Signing a band to a record contract sounds simple, but few record company people have The Power. The Lesser People ask you to return to New York so someone with The Power can hear you, but then The-Man-With-The-Power's wife gets sick and he doesn't show up. Even those who do have The Power need just about everyone else's approval first. Atkinson has The Power, but has to clear it with The Ultimate Power. Label Vice President Mickey Eichner is going to check out the band in the CBS recording studio so he can give them Final Approval. If he okays it, the project's a go.
The CBS studio. Band members are isolated from each other by huge soundproof baffles. The sound in the control room has no effects on it, so everything sounds dead. No one, but no one, should hear a band like this. Eichner comes in and the band sounds terrible.
They're treated to a free dinner and sent home.
Now Patrick Clifford of Nemperor Records takes a liking to the band, as does label President Nat Weiss. The band plays some dates with the Romantics, another band Nemperor is interested in signing. The Romantics get the record contract.
There comes a time when the Little Things that keep a band going start to disappear. Like when creativity meets The Business. Like losing money driving back and forth to New York so you'll Be Seen. Like waiting. Like playing jobs where seven people show up because no one's ever heard of you. And each time, a little more of The Fun disappears until you start to lose sight of why you're doing it. You begin to lose faith in the Record Industry.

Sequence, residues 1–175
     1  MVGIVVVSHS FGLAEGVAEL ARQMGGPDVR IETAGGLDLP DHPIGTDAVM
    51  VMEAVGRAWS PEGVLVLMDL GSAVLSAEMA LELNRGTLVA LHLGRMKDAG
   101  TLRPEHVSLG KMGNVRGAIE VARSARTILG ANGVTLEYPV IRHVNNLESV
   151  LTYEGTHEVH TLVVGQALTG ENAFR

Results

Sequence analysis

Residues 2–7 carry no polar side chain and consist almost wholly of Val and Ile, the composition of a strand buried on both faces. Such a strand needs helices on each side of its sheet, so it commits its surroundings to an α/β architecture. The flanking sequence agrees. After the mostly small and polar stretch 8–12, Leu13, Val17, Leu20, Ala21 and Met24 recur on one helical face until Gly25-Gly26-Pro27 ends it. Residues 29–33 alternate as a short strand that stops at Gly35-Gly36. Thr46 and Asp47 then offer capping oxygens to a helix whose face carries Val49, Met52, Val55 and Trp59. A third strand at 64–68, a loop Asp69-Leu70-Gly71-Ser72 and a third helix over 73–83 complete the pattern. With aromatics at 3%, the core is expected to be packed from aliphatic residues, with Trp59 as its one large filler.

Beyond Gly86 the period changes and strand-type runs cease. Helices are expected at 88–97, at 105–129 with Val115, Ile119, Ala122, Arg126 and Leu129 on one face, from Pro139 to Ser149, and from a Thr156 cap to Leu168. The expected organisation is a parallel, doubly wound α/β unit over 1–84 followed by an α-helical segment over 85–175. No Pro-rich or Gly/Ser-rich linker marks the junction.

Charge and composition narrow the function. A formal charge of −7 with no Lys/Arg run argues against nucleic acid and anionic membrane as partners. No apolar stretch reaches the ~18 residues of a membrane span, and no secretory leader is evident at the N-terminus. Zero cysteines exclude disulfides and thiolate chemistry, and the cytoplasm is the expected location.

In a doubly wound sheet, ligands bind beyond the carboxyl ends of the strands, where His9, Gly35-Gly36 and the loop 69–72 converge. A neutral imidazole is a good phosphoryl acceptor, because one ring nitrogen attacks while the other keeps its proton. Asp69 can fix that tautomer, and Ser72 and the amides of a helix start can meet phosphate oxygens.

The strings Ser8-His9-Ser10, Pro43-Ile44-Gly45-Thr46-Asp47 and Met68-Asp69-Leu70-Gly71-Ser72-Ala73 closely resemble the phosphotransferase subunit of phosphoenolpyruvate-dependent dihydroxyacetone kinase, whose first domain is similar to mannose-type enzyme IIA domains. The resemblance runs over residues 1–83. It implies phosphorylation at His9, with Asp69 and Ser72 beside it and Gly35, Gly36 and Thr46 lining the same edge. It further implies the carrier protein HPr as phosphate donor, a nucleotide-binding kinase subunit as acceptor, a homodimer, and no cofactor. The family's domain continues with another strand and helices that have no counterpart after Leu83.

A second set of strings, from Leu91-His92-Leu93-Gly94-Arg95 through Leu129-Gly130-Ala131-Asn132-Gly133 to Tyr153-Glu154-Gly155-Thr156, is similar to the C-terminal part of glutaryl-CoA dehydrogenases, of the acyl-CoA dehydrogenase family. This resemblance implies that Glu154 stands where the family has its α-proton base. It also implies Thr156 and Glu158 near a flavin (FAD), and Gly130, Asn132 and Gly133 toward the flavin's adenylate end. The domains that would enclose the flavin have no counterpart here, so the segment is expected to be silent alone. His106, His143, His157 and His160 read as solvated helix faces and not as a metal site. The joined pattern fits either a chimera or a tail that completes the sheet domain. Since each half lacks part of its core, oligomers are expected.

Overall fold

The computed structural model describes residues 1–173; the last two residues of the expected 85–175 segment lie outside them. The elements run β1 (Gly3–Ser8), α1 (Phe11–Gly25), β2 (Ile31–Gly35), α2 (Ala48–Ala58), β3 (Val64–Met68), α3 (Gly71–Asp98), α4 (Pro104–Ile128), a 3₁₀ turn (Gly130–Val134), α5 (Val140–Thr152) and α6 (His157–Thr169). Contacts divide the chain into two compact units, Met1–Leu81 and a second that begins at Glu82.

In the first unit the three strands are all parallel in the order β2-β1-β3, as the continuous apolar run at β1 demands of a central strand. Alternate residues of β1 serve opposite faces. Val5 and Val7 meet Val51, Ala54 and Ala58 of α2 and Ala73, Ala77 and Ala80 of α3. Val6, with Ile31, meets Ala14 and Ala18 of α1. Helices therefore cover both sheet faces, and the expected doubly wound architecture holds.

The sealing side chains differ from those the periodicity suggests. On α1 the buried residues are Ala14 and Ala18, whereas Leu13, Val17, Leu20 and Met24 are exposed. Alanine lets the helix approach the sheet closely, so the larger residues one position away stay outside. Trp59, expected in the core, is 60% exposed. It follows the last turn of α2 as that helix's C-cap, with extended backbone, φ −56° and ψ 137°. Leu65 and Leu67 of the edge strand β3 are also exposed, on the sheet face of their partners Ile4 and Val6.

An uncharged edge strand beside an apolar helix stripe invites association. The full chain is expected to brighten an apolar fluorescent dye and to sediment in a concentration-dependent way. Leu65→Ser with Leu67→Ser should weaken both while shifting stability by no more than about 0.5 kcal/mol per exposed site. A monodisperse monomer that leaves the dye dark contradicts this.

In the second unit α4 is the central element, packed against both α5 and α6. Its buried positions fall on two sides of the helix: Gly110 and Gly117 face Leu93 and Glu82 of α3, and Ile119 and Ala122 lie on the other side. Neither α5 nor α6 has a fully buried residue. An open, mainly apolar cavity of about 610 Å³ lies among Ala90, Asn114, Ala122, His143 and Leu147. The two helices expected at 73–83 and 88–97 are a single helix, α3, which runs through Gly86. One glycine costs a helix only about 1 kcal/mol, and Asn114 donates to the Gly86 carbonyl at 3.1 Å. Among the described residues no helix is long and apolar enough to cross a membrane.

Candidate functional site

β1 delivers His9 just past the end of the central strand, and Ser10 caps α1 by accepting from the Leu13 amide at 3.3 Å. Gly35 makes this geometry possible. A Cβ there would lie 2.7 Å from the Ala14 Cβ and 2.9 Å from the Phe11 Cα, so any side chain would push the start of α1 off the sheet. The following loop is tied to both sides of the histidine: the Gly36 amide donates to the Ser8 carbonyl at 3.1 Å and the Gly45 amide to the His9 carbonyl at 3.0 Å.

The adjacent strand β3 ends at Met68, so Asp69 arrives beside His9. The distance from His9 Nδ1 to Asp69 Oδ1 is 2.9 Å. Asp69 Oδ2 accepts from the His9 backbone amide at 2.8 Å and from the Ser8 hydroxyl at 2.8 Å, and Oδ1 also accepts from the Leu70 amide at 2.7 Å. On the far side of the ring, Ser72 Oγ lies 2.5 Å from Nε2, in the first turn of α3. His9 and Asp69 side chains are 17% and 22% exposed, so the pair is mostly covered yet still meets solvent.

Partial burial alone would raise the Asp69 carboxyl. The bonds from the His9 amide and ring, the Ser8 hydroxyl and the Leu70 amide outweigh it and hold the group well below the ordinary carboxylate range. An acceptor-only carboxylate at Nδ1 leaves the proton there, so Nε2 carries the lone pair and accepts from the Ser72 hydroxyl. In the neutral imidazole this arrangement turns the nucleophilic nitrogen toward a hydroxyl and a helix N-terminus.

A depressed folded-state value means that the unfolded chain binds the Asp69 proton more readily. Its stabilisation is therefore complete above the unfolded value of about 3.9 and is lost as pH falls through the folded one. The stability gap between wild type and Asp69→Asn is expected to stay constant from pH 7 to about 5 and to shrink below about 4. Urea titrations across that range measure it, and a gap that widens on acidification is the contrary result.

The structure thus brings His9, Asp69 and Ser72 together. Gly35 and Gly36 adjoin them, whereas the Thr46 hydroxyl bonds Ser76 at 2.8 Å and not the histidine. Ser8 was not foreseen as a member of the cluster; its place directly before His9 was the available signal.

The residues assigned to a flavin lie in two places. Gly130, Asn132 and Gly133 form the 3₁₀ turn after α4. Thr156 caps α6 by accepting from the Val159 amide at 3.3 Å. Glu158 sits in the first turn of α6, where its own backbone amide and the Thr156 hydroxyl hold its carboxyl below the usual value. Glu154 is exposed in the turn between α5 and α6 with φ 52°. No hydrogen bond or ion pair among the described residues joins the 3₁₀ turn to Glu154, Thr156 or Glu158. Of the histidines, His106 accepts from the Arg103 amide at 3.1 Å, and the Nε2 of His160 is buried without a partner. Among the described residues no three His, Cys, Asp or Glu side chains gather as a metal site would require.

Mark Lewis knows what they need to do to get The Contract, but the rest of the band disagrees. Mark leaves the band to start The Dads, followed closely by Frank Daniel.
Mick Muller came to Richmond from New York with a degree in drama and a few years of touring the R&B circuit behind him. The stage is his first love; he just wants to perform. A tall bass player who looks like a rocker, Mick joins the band and Michael starts playing more guitar.
Until now the band has been largely a guitar band, but it's time to add a new dimension to the music. Barry C Fitzgerald has known the band for years, playing keyboards in the early art-band days with Titfield Thunderbolt and spending three years as a set designer at a local dinner theatre. He joins the band on keyboards.